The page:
Despite all his bluster, President Donald Trump has failed to suitably frighten Republicans into doing his bidding — especially in regards to pushing his healthcare bill through the Senate, Mediaite reports. And a report from The New York Times highlights this.
Weirdly, however, one Republican Senator, speaking on conditions of anonymity, told NYT reporters Maggie Haberman and Glenn Thrush that “Trump scares no one in the Senate, not even the pages.” So, if that’s the case, why did he speak anonymously?
Rob Jesmer, the former executive director of the National Republican Senatorial Committee, and a former aide for Texas Senator John Cornyn echoed the sentiment that few are scared of the big, bad, Trump, The Hill reports.
“Right now, no one’s afraid of Trump, and that’s a real problem. But the truth is that he hasn’t really tried.”
Jesmer added he didn’t know why the president wasn’t shmoozing talk show hosts, hitting the streets to get the word out to make his case.
“I don’t get why he hasn’t been more engaged.”
Sen. Dick Durbin (D-Ill.) criticized Trump for his lack of experience, making it much more difficult for him to sell people on his healthcare plan. Durbin told NYT:
He has limited experience in government and politics, he lacks a deep and experienced team, and his poll numbers are disastrous. It’s more or less impossible to sell a program when you have those conditions.
Haberman and Thrush note that while fear is an effective factor in leveraging votes and keeping your party in line, it’s pretty much ineffective if your ratings are in the toilet — like Trump’s are:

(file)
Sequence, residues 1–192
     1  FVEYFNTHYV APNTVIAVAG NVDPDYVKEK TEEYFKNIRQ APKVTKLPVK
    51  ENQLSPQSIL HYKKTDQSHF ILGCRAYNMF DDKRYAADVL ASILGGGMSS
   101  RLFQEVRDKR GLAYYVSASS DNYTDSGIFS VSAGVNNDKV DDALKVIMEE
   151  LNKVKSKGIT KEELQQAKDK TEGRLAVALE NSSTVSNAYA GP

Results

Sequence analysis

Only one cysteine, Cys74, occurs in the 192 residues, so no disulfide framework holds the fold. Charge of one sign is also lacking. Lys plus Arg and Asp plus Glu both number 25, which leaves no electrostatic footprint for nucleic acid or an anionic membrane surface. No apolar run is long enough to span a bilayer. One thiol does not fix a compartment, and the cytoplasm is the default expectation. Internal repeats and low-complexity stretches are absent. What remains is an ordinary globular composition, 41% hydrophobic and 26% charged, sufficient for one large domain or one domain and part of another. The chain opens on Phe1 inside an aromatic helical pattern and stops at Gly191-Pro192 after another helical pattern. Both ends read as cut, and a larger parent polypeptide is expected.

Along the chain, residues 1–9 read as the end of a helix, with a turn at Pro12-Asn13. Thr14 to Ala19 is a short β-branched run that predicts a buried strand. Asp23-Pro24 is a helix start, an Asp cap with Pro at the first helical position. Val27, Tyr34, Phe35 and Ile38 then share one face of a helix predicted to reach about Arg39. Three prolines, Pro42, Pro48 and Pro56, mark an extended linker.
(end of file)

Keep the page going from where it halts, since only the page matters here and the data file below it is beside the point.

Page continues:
Fear is perhaps the most powerful motivating force in politics, and fear of a powerful president is the surest lever to move a lawmaker from a ‘no’ to a ‘yes,’ But over the past month, Mr. Trump scared no one into supporting the bill to repeal and replace the Affordable Care Act.
Specifically, they note that Trump has a 36 to 40 percent approval rating this week, and that’s “too weak in many senators’ home states, too erratic and too disengaged from the details of governing to harness his party, as other presidents have.”
Trump didn’t do much legwork to attract enough votes to get this enormous piece of legislation to pass, and a number of senators:
“have come to believe their constituents, even the most conservative ones, are more loyal to them than to Mr. Trump.”
While this may be a case of too little, too late, Trump is finally beginning to push his weight around, “joking” to Sen. Dean Heller (R-Nev.) that if he wants to keep his job, he’d better support the next bill.
Heller, seated next to Trump, “blushed, laughed, and remained politely noncommittal,” the NYT reports.
But there are some signs the tide against the president is changing. Politico notes that on Tuesday Republicans voted to open debate on repealing Obamacare, so maybe they are starting to listen.
Maybe Trump just thinks he’s starring in another reality TV show, where he really doesn’t have to do much but yell and bluster to get everyone’s attention. With all his Twitter meltdowns he acts like he needs attention constantly, and isn’t that what people on reality shows do? Continually vie for attention?
It would be wonderful if this show could be canceled.
Featured image courtesy of Trump Nation/YouTube.